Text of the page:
ARSL 2016 – Tech Training for Patrons

Always try to connect new information to something patrons already know to help them retain the new information that is being shared.

Eight tips to remember

  1. Self-Identify – do your best, acknowledge unexpected problems and reflect on your experience
  2. Measure your progress – Keep learning in an intentional matter, make a plan and stick to it, small steps are fine (you don’t have to read the whole manual in one sitting, learn about one feature at a time and use what you learn)
  3. Slow deep breaths – As you approach a new situation, take a breath to calm your nerves and think about how to apply what you know to the new situation
  4. Narrate your process – be transparent with the patron about what you know (say you are not sure but let’s see what we can do together) say what you are doing as you do things so they learn and connect the verbal instructions with what they see you doing, if you are not sure ask them to tell you if they see something that may be helpful to accomplish the task
  5. Quality not quantity – slow down while training, allow hands on , tech learning takes time and repetition, may need to remind patrons of that to reduce their frustration at not being able to do it themselves
  6. Teachable moments – need to be aware when a patron is ready to learn and when they just need help getting it done, but also try to find their motivator to learn and try to set them up to be successful
  7. Be a guide not a door mat – be calm and use calming language if the patron is frustrated, maybe suggest a break for you both if they seem like they are getting frustrated
  8. Create tech resource guides – short and to the point! Easy URL to find, create tech displays and make tech seem like just a normal thing in the library


ARSL 2016 – Active Shooter Policies

An active shooter situation has and actively engaged shooter in a confined area, sometime motivated by revenge unpredictable.

Three basic responses –

  1. Run – evacuate, take those willing to go with you, leave all belongings behind
  2. Hide – Close doors between you and shooter, lock and block the door with other furniture and be quite – turn phone on silent – not vibrate
  3. Fight – last resort – don’t fight fair, be aggressive and committed – be aware of what items can be weapons in your work-space – put your library kind helpful instinct aside and be a bad ass!

If you can call 911 be calm and provide as many details as possible about the number of shooters and weapons

When police arrive – Do not give them a reason to confuse you with the shooter!

  • Follow directions
  • Nothing in your hands
  • Hands up and fingers spread
  • No sudden movements
  • Keep calm
  • Don’t ask questions

Invite local authorities to do a walk-through of your location suggesting possible weapons, hiding places, locations for panic buttons, and how they will approach the building in an emergency.

Emergency /Disaster Plan should include a section on Active Shooters; training should be ongoing like fire drills.  Plan should include:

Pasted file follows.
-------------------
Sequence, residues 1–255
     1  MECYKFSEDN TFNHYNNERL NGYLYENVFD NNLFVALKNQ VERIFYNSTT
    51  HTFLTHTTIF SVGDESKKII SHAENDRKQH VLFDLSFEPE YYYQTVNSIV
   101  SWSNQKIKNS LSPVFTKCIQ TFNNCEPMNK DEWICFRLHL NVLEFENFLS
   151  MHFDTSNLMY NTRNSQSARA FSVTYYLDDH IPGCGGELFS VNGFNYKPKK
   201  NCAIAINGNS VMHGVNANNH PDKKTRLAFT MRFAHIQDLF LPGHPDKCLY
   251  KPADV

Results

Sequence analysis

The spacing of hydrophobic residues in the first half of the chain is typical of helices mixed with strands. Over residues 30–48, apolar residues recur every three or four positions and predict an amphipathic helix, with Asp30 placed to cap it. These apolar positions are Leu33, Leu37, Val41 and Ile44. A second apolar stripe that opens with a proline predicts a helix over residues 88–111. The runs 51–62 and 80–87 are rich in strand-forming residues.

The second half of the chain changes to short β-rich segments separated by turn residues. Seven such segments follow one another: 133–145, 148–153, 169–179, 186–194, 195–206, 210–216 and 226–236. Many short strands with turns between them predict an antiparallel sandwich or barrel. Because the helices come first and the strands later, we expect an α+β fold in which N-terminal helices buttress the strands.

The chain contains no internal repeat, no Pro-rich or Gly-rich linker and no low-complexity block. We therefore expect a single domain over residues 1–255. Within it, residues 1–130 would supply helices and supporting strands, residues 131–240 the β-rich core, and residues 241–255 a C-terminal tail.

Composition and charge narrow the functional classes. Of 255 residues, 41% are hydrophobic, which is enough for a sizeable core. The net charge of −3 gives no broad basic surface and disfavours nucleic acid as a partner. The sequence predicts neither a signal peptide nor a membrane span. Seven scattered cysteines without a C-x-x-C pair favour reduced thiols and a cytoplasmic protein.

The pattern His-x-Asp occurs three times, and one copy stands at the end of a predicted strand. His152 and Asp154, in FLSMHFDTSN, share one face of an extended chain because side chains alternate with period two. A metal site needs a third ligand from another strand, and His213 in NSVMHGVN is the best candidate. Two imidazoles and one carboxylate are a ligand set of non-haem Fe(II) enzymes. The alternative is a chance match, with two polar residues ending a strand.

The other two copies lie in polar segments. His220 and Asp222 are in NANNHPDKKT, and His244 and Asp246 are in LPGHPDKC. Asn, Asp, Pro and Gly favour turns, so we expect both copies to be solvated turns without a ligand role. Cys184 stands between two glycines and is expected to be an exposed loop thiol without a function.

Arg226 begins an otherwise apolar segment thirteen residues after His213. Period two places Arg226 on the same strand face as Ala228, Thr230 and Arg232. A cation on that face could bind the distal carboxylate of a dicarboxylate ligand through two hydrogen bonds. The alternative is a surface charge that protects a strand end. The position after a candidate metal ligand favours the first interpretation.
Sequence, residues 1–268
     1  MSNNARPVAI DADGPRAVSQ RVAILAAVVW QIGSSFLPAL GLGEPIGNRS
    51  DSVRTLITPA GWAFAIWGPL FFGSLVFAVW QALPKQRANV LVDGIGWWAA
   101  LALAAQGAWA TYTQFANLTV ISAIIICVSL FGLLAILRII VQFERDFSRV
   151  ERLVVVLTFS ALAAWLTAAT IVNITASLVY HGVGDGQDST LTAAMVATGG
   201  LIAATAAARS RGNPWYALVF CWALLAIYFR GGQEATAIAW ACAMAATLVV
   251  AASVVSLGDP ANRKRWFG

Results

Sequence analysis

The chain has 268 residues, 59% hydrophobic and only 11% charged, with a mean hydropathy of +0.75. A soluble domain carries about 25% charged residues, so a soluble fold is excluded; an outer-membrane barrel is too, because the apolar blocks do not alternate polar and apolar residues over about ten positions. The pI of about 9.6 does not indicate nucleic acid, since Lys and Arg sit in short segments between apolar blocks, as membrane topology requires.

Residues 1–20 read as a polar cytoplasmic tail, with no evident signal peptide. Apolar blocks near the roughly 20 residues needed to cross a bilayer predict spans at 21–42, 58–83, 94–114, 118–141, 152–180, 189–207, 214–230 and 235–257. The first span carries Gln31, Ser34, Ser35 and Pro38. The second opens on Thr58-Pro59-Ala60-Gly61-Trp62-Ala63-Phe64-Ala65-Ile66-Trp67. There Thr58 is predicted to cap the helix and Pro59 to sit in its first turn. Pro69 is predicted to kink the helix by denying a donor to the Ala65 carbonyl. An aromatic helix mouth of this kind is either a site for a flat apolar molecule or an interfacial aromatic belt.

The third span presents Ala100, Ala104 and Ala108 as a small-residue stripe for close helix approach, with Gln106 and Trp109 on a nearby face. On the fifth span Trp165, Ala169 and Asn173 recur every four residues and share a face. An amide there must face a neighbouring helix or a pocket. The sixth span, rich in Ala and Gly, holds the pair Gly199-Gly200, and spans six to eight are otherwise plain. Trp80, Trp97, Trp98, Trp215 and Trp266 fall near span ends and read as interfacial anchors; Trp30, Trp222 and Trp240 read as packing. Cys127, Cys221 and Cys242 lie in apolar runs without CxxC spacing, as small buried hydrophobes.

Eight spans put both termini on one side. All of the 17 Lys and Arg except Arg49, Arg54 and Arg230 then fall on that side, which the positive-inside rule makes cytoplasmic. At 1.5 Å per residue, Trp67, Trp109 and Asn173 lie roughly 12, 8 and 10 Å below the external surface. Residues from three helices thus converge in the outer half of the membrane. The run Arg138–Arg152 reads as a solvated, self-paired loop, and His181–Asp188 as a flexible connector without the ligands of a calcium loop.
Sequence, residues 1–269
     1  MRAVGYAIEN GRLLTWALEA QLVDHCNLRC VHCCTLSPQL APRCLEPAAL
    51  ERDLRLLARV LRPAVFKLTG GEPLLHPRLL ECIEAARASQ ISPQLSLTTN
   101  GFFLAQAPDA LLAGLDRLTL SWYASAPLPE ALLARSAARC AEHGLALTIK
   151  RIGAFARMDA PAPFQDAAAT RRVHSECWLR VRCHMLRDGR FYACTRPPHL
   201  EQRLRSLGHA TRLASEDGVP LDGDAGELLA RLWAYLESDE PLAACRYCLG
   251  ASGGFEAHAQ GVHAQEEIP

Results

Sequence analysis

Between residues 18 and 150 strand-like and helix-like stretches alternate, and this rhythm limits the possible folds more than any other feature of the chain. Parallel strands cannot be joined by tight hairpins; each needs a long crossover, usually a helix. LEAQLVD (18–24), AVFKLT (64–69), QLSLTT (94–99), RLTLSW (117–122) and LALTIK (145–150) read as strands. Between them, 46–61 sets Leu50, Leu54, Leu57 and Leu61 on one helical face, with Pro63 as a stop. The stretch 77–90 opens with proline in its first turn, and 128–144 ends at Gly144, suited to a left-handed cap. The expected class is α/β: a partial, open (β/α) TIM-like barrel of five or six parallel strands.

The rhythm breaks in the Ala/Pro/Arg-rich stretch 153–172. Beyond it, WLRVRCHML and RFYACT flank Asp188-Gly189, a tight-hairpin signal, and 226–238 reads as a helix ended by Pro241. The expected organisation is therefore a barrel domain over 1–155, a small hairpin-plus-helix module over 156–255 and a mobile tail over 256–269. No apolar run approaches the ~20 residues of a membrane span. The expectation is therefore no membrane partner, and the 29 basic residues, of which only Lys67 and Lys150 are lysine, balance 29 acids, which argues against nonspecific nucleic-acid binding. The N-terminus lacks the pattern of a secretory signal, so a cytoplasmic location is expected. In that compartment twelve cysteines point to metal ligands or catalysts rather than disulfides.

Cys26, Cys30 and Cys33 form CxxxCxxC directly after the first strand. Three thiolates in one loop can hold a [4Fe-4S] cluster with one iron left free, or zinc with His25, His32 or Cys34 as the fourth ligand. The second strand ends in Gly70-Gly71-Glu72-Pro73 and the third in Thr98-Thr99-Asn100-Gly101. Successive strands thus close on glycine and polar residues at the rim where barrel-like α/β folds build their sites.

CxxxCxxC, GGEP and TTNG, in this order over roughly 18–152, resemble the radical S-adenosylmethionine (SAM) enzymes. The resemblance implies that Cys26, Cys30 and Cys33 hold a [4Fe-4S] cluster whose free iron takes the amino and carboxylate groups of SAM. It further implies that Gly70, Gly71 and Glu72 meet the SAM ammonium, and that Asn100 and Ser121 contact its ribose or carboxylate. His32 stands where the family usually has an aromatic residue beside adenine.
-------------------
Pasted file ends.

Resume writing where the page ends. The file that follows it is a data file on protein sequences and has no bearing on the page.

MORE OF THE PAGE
• Communications plan – how to notify police and let all staff know of the situation – “Melvil Dewey report to the front desk” this would tell all the staff there is a problem at a specific location in the building but not necessarily the shooter. Don’t use the fire alarm
  • Evacuation plan – where to meet so out of the way of arriving police and who will track who has made it out safely, not necessarily a good thing to group together since an easier target
  • Different levels of security needed
    • lock-down plan (just lock doors and continue working)
    • shelter in place (threat in the building but stay in your work area)

Best Practices

  • training
  • environmental awareness – know your hiding spaces, weapons and escape route
  • recognize and respond to threats (see something / say something)
  • conduct risk/safety assessments


North Dakota State Library policy –

Watch – “SURVIVING AN ACTIVE SHOOTER” – LA County Sheriff on YouTube


ARSL 2016 – Backpack project – hiking, geocache, birding, and fishing

Developed the project because they were a small rural community with little commercial activity and members of the community might not be able to afford to purchase the items for themselves.

Backpacks were provided by a local vendor when the library approached them about the need, they only needed 4 to start the project.  Many vendors donated items after they heard how the library was going to use them.

Each backpack includes a card to introduce them to the topic and appropriate etiquette for the environment and handouts with links to additional information online and in the community

Talk to local experts (DNR) and vendors to develop the pack with appropriate local resources – books and equipment.

Planned an open house to introduce the public to the pack with experts on each topic to share information and show how to use the kit.

backpack 1

Geocache and Hiking Backpack contents

backpack 2

Birding and Fishing Backpacks

backpack 3

Birding Backpack contents


backpack 4

Hiking Backpack contents

Chris Magnusson
Arrowhead Library System